Posted by Richard at 03:10 PM | Comments (0)

April 19th, 2003

Dave Winer on CSS »

Dave Winer is taking a lot of heat for his comments on CSS: see here, here, here and here (for Dave's response, be sure to read the comments in that last link). In the title attribute of Anil's link, he makes the case that it is in Dave's business interest to use CSS: "if you comply with standards, *every* web page becomes an XML-based outline."

Posted by Richard at 01:27 PM | Comments (7)

April 11th, 2003

Yahoo! Remix »

As mentioned earlier, I thought there would probably be a remix of the new Yahoo! search page. Well, here's one, in XHTML, CSS and no tables. [via Joshua]

Posted by Richard at 01:29 PM | Comments (0)

April 7th, 2003

Yahoo! Search First Impressions »

Well, the new Yahoo! Search passed the first test: I didn't go blind. Okay, Simpsons references aside, the first test was "Does it look good in Phoenix?" Almost (see below). Second test: "Does my name come up first?" Yes.

Here's what I mean by almost looks good in Phoenix: when searching for my name (to see if there are photos of me floating around there on the net), then clicking Images, the bottom Images tab is broken by 1 pixel too many:

Screenshot of Y! Images

I like the little tab indicator telling you which part of Y! Search you're in (despite the above), and I also liked that the search box was available at the bottom of the results (with an extra option to exclude words). I also like that it's relying on CSS positioning (and, to be fair, still with tables) as well as CSS for the formatting, unlike the main Y! pages, which uses ungodly font tags.

To be quite honest though, I wouldn't use it unless it was on the front page. The Y! main page is still way too cluttered, and I use it only for news headlines. Typing "" is not as muscle-memory-friendly as "". (Why not just set it my 'home' page, you ask? Well, what the times when I use someone else's computer?)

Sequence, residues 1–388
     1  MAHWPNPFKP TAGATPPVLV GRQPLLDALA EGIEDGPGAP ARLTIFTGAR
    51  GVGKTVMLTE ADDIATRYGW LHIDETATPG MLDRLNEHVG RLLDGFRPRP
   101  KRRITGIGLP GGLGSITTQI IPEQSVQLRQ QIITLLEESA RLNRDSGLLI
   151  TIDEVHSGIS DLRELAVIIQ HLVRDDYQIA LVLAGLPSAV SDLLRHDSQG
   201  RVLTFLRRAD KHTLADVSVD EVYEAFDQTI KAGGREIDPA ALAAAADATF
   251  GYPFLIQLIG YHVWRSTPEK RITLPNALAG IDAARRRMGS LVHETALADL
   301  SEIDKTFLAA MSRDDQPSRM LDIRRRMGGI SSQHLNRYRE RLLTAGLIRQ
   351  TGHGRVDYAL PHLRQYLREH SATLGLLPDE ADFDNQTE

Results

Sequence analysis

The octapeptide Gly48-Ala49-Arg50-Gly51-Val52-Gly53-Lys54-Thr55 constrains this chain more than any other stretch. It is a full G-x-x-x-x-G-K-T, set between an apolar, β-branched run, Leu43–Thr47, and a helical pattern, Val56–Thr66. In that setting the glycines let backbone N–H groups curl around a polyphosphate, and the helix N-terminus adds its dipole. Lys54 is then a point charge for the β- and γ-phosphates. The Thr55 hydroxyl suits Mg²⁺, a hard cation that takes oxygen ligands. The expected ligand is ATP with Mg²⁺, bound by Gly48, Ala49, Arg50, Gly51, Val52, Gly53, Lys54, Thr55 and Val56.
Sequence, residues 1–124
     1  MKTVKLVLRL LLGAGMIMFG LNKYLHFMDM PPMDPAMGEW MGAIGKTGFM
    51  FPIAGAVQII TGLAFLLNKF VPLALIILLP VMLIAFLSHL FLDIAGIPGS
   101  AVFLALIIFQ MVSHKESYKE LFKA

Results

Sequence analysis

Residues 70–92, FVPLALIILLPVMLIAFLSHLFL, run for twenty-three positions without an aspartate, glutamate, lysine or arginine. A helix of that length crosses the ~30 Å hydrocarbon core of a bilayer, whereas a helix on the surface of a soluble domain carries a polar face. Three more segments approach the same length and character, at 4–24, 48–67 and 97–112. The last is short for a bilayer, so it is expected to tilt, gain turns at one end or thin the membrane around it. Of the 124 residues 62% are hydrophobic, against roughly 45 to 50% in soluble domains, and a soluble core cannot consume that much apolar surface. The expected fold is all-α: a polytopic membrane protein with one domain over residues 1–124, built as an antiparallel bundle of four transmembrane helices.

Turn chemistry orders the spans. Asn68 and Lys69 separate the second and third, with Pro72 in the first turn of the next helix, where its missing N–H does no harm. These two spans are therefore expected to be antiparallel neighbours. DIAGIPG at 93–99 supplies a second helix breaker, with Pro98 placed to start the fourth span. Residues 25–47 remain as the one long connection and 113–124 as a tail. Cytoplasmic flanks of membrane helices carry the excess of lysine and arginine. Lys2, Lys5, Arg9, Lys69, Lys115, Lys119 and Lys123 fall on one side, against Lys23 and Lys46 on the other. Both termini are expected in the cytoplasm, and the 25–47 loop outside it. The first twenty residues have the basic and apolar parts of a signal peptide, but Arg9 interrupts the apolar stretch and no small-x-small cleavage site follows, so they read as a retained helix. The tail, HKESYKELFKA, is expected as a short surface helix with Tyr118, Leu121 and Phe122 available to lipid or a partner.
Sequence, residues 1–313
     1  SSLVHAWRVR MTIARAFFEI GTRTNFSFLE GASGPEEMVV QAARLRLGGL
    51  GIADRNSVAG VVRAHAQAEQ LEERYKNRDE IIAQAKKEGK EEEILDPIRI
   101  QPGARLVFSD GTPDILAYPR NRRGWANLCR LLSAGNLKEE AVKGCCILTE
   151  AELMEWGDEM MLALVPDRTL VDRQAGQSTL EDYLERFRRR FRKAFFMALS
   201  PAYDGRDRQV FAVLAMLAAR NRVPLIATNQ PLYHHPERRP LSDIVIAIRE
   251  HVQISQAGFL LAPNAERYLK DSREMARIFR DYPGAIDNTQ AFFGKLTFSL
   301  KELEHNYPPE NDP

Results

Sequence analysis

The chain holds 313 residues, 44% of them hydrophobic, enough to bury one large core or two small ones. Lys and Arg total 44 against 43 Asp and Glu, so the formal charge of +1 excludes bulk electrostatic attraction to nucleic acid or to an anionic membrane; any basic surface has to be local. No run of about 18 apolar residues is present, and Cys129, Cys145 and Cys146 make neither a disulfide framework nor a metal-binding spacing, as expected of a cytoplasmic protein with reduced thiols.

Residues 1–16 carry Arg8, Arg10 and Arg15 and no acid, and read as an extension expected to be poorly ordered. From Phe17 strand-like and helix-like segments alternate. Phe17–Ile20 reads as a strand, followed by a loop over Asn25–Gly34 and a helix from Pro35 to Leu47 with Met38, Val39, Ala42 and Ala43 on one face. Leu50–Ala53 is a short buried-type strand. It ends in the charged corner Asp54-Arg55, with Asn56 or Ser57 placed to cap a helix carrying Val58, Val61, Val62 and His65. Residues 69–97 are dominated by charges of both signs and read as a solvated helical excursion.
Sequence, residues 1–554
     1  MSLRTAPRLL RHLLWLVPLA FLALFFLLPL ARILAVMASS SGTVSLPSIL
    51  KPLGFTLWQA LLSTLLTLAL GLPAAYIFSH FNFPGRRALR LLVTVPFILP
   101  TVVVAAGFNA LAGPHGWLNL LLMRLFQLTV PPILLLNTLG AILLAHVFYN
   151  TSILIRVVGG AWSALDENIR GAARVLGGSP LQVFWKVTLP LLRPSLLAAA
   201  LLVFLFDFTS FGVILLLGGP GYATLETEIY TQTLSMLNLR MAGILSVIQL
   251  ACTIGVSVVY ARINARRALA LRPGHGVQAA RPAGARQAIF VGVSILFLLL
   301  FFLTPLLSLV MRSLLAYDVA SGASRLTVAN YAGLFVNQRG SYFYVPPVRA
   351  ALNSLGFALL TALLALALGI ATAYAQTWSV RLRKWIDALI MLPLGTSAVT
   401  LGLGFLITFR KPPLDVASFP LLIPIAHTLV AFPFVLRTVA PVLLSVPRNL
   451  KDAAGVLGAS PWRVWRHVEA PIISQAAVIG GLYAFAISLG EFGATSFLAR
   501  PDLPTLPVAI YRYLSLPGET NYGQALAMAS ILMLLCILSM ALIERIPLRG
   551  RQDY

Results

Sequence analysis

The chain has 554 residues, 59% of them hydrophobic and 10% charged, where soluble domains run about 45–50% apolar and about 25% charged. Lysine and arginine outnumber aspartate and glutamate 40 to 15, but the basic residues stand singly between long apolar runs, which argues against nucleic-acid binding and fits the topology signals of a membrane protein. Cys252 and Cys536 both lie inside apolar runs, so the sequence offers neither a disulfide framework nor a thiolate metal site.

The tabbed interface of the 'index' page is kinda neat though, and including words in the URL while excluding words in the page one-ups Google, but Google still beats Y! in terms of number of elements of the page you can search.

Anyway, just first impressions. Surely there will be more detailed analyses elsewhere, as well as remixes of the site by various designers.

Posted by Richard at 07:03 AM | Comments (0)

April 3rd, 2003 Redesign »

The redesign of my 'home page' can be seen in progress. It's not that much different from the current site, but it is tables-less and uses absolute positioning with a floating sidebar (there is an RSS feed, generated by PHP with a dash of .htaccess magic, for the sidebar forthcoming). Okay, the colours are different too.

I'll probably get rid of the navigation bar as it stands (too much like the original, plus I'd like to go with pure CSS tabs instead of the Javascript-generated one, and besides, the latter doesn't work in Opera 6). I'll test it tomorrow on some older PC browsers like IE5 and Netscape 4.x—I'm expecting the worst for the latter—and a Mac browser or two. So far it works as expected in Mozilla, IE6, Opera 6 (except for the navigation) and Opera 7.

Update 4AM the next morning: okay, having pure CSS tabs is making things difficult. Maybe having the old navigation, but with more accessible Javascript, is the better way to go. Or maybe going to bed would be a better idea.

Update April 12th, 6:30 PM: It looks good in IE6, IE5.5, Phoenix/Mozilla (latest builds), and Opera versions 6 and 7. Note that for Opera, it makes use of the *7 hack courtesy of Mark Pilgrim to show both browsers slightly different CSS (or, more accurately, to show CSS to all browsers to make it look like it does in Opera, and then hide CSS to make it look like it does in all browsers other than Opera). I have yet to test it in other browsers, and in any other operating system than Windows.

Update April 12th, 11:10 PM: Evidently it looks good in Camino, Safari and Opera for the Mac. Thanks Michelle!

Posted by Richard at 09:17 PM | Comments (0)

March 31st, 2003

Design an MT-Powered Blog »

David Sifry is looking for a few good designers to design an MT-powered weblog for his brother. As full disclosure, I submitted my name for consideration, but although it doesn't disqualify me, I'm physically located thousands of miles away in Vancouver, B.C., so my odds aren't great.

Posted by Richard at 02:45 PM | Comments (0)

March 30th, 2003

Late Night Links »

Posted by Richard at 02:30 AM | Comments (0)

March 24th, 2003

CSS Tabs »